27 Mar SEO Mistakes You Didn’t Know You Were Making (Part 2)
SEO Mistakes You Didn’t Know You Were Making (Part 2)
STUFFING KEYWORDS WHERE THEY DON’T FIT NATURALLY
Traditional wisdom suggests that including your keyword in the title, URL, subheadings and throughout content is how to optimize for a keyword. This is true, but not to the extent that you should stuff terms where they do not fit. If you have to leave the keyword out of all subheadings to make the content effective and readable, just do it. The numerous benefits you will receive from having high-quality content will outweigh the benefit of stuffing a keyword. In case you didn’t know, you should keep your keyword density below 2 percent.
NOT ADDING FRESH CONTENT
We live in a content-driven world and not producing quality content is a great way to never rank for anything. I love SEO, but even I admit that content is crucial to the equation. Creating fresh content is so important because every page you create is another opportunity to earn inbound links and improve your rankings while gaining notoriety and exposure within your niche.
NOT MENTIONING LOCATION SPECIFIC TERMS IN CONTENT
Above I mentioned how you should not stuff keywords in your content or place them where they do not belong. On the opposite end of the spectrum, you should make sure you have your keywords somewhere on your page. Preferably in the content, Meta description and the page title (at a minimum). Just like walking the high wire, balance is a must in organic and local SEO.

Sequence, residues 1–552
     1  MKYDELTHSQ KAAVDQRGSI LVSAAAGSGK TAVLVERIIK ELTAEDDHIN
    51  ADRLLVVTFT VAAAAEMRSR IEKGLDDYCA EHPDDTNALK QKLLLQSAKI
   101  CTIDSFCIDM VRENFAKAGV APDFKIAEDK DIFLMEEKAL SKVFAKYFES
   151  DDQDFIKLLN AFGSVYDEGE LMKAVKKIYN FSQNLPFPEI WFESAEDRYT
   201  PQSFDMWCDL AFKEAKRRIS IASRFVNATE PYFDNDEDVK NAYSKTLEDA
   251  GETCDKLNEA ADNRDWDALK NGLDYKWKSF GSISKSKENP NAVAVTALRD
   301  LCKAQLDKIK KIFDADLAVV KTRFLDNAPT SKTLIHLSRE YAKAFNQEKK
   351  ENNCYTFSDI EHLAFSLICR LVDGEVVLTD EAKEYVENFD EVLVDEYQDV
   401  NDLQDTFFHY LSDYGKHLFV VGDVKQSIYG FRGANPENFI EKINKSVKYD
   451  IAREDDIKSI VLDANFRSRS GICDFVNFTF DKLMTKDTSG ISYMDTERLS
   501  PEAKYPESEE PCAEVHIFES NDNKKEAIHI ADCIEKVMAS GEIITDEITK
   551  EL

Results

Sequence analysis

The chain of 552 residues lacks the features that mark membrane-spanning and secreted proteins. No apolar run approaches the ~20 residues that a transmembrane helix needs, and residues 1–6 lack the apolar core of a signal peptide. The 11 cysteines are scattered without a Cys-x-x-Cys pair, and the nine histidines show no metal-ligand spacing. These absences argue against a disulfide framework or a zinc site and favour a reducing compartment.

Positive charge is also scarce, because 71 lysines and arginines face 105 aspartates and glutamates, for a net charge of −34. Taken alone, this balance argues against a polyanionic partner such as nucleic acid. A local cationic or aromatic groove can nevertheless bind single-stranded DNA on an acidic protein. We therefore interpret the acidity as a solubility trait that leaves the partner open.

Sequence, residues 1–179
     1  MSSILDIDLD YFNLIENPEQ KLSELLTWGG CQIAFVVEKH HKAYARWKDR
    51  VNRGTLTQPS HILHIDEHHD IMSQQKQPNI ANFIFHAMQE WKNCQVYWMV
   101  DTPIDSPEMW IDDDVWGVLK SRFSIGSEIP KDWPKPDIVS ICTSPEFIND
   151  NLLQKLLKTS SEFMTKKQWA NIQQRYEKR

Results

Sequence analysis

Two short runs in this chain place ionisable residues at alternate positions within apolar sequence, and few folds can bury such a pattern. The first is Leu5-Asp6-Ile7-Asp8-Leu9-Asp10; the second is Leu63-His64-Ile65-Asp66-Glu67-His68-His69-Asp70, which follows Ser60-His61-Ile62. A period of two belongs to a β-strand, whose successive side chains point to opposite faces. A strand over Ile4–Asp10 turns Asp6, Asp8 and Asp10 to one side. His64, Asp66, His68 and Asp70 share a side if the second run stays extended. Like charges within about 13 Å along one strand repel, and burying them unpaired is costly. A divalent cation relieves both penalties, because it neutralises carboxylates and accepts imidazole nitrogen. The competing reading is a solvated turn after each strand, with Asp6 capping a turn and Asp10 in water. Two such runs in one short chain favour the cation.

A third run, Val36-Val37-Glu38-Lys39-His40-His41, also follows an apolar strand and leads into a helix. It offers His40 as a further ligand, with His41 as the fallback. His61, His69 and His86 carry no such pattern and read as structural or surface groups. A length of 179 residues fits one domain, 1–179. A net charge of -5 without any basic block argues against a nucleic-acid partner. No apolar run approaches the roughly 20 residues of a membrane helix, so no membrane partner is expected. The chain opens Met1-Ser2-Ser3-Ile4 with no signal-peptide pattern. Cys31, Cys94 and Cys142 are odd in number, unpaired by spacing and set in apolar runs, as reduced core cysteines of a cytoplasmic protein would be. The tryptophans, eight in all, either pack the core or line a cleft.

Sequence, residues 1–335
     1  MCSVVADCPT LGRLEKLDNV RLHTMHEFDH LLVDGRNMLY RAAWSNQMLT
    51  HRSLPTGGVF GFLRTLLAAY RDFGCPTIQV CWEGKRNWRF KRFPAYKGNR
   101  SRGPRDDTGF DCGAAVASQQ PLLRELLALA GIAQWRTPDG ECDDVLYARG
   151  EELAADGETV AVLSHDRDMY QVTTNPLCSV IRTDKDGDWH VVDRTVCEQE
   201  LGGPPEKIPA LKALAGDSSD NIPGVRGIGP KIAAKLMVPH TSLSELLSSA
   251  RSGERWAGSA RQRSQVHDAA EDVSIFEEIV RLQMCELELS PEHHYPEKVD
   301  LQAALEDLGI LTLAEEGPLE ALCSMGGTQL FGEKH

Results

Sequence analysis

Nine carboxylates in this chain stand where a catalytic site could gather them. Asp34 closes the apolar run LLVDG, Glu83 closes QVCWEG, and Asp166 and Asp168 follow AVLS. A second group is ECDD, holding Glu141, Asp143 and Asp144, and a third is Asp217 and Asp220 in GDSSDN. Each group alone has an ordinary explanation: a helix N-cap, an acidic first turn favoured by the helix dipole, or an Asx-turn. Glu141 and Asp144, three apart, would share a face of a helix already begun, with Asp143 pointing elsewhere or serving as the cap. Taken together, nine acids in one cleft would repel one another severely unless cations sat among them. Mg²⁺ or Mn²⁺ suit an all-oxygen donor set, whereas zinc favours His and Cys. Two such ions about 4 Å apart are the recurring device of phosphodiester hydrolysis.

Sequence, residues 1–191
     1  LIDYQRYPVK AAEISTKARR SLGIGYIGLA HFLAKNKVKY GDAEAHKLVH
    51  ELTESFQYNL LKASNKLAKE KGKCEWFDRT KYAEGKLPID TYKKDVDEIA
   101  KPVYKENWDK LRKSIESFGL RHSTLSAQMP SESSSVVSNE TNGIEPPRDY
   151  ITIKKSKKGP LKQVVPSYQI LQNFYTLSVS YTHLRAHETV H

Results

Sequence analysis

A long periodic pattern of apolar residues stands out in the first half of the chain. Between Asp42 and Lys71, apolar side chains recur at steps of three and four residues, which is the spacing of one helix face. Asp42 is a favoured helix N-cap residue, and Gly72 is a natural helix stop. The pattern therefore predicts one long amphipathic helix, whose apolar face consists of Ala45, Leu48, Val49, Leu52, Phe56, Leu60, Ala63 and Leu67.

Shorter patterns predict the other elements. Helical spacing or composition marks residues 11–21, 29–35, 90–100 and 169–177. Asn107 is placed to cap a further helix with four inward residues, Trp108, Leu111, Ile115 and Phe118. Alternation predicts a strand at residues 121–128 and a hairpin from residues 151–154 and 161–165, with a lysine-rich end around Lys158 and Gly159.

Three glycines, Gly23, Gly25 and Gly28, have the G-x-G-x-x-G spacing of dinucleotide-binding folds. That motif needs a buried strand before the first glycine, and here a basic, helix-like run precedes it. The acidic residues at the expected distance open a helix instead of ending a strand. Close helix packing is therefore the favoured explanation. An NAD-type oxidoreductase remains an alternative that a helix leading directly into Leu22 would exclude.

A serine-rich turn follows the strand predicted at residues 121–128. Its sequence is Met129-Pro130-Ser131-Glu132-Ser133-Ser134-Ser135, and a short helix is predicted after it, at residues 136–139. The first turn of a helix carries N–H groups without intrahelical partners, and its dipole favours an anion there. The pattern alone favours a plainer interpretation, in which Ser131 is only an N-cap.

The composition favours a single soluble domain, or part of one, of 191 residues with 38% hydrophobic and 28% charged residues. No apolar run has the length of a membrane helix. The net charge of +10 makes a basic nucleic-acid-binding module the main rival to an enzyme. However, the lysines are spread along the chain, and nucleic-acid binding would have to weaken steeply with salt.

NOT INCLUDING LOCATION DATA IN IMAGES
Images are a great way to add extra relevancy to your pages. Most pages have at least one image. When you are adding the image, make sure to create a relevant file name and alt text to include with the image. I add the target keyword plus that target location in the file name and alt text.
FORGETTING ABOUT HYPER-LOCAL DIRECTORIES
You have to remember that the key to ranking number one is to do everything your competitor has and more. Hyper-local directories are ones that cover a city or even a single zip code within a larger city. These citation opportunities are often overlooked but can provide an advantage over the competition with only standard local citations.
PROVIDING INCONSISTENT NAP DATA
If you use “St.” on one page and “Street” on another directory; does it make a difference? Yes, but it will likely be a small one. On the other hand, using different phone numbers across a number of major listings can have a major impact on how you rank. It has also been shown that having an address on your website that differs from the majority of your citations has a negative impact. To avoid this, create a template with your address and add it identically to every citation site, local blog and anywhere else that will take it.